Item description for Jesus the Jew by Geza Vermes...
Overview Contents: PART 1: THE SETTING 1. Jesus the Jew 2. Jesus and Galilee 3. Jesus and charismatic Judaism PART 2: THE TITLES OF JESUS 4. Jesus the prophet Excursus: prophetic celibacy 5. Jesus the lord Excursus: 'lord' and the style of the Gospel of Mark 6. Jesus the Messiah Excursus: Jesus, son of David Excursus: the metaphorical us of 'to anoint' 7. Jesus the son of man Excursus: the cloud, a means of heavenly transport Excursus: debate on the circum- locutional use of son of man 8. Jesus the son of God Excursus: son of God and virgin birth GEZA VERMES: The author was born in Hungary in 1924, studied in Budapest and in Louvain. He is now Professor Emiritus of Jewish Studies and Emeritus Fellow of Wolfson College. He continues to lecture at the Oriental Institute, has taught at Oxford and Newcastle-upon-Tyne.
Publishers Description This now classic book is a significant corrective to several recent developments in the study of the historical Jesus. In contrast to depictions of Jesus as a wandering Cynic teacher, Geza Vermes offers a portrait based on evidence of charismatic activity in first-century Galilee. Vermes shows how the major New Testament titles of Jesus-prophet, Lord, Messiah, son of man, Son of God-can be understood in this historical context. The result is a description of Jesus that retains its power and its credibility.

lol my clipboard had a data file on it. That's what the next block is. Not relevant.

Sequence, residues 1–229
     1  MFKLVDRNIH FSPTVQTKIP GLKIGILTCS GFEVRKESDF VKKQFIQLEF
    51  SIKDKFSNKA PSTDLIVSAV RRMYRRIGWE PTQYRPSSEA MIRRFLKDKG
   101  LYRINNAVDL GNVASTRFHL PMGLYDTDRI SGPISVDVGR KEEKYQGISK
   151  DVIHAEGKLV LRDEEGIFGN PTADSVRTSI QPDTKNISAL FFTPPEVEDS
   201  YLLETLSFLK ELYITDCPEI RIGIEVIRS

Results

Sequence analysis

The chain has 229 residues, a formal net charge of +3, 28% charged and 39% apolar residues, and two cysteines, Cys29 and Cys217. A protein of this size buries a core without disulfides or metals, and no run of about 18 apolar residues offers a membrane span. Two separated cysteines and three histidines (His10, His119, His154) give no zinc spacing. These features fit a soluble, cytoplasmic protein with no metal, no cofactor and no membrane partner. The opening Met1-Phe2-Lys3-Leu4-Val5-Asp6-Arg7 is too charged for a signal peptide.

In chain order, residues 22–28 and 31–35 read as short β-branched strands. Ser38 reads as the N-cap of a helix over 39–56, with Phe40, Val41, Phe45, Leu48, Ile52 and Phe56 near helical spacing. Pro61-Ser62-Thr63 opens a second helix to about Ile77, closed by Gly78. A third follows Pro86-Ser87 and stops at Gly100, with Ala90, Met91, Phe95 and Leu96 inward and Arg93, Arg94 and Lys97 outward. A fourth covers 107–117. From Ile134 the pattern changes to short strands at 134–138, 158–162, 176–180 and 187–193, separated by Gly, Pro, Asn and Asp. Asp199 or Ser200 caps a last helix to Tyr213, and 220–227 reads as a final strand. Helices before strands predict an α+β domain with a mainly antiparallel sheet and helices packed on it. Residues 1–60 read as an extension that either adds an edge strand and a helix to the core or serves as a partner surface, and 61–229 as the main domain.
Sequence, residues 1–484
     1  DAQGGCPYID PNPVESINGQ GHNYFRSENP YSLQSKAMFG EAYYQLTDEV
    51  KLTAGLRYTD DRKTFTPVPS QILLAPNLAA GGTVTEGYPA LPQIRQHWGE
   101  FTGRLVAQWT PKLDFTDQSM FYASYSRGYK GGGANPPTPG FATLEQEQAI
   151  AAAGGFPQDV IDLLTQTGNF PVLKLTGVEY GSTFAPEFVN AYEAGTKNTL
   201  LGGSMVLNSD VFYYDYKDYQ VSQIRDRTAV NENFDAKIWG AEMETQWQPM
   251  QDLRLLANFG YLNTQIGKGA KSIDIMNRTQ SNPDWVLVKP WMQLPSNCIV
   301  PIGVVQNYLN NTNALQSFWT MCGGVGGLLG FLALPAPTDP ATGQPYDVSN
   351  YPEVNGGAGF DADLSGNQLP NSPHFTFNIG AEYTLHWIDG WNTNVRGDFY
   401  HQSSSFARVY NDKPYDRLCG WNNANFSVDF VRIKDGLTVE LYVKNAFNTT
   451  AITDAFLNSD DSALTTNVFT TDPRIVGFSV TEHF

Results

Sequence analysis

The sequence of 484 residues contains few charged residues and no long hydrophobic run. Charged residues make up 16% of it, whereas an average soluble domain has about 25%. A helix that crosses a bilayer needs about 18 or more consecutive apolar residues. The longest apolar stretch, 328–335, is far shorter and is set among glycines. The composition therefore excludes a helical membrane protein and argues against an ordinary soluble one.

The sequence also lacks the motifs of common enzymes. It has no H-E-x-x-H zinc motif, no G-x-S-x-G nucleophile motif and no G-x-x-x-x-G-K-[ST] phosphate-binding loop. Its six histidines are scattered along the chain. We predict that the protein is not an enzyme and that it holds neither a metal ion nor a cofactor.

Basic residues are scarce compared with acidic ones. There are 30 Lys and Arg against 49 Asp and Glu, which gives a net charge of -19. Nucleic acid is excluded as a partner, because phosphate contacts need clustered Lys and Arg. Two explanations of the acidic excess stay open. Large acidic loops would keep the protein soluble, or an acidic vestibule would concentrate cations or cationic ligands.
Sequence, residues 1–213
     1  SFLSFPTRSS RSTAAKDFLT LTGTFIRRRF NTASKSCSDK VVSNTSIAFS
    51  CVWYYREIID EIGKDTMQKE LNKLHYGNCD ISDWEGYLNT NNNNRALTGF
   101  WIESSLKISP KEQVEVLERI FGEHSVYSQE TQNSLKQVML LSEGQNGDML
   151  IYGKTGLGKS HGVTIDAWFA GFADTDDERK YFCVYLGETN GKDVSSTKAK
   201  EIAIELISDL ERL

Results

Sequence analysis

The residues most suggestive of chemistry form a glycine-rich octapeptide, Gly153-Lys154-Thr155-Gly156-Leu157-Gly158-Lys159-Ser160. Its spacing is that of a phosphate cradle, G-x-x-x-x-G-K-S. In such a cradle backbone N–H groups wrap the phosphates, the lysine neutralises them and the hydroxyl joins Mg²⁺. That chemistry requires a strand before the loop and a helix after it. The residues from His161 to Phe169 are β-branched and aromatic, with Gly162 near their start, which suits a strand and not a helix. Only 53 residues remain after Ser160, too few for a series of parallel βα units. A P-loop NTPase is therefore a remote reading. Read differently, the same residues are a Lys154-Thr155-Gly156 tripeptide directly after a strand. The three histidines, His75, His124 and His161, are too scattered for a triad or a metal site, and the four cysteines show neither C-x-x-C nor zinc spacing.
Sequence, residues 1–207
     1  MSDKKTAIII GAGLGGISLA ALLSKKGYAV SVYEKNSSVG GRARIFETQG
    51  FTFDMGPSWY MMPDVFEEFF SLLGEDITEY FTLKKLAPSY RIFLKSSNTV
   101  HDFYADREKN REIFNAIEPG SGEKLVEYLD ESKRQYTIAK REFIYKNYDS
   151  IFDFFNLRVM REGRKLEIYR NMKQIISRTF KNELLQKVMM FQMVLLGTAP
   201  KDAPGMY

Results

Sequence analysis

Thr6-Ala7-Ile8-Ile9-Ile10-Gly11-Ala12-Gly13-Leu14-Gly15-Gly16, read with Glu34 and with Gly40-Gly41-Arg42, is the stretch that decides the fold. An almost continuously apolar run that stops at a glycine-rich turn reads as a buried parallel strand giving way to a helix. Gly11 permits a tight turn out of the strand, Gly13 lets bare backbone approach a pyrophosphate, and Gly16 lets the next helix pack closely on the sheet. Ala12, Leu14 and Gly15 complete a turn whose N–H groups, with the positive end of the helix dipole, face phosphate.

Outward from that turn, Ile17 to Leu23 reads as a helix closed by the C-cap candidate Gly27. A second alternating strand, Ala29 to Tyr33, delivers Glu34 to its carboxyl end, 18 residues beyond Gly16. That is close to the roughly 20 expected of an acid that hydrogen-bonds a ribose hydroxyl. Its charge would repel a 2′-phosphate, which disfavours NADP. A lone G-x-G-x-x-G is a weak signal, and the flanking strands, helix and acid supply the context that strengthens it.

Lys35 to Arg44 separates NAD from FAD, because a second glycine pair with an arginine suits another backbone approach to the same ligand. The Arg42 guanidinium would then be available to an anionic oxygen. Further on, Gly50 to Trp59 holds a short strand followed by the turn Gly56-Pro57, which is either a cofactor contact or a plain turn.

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More About Geza Vermes
Geza Vermes s pioneering work on the Dead Sea Scrolls and the historical Jesus led to his appointment as the first professor of Jewish studies at Oxford University, where he is now professor emeritus. He is the author of several books, including The Authentic Gospel of Jesus."
Geza Vermes was born in 1924 and has an academic affiliation as follows - Oxford University.
Geza Vermes has published or released items in the following series...
Reviews - What do customers think about Jesus the Jew?
Jesus the Jew; PERIOD Dec 21, 2007
Geza Vermes is an authority on the life and religion of Jesus and this book cements that statement. If you want to understand Jesus' life and religion in its Jewish context; read this book. If you want to better understand 2nd Temple Judaism; read this book.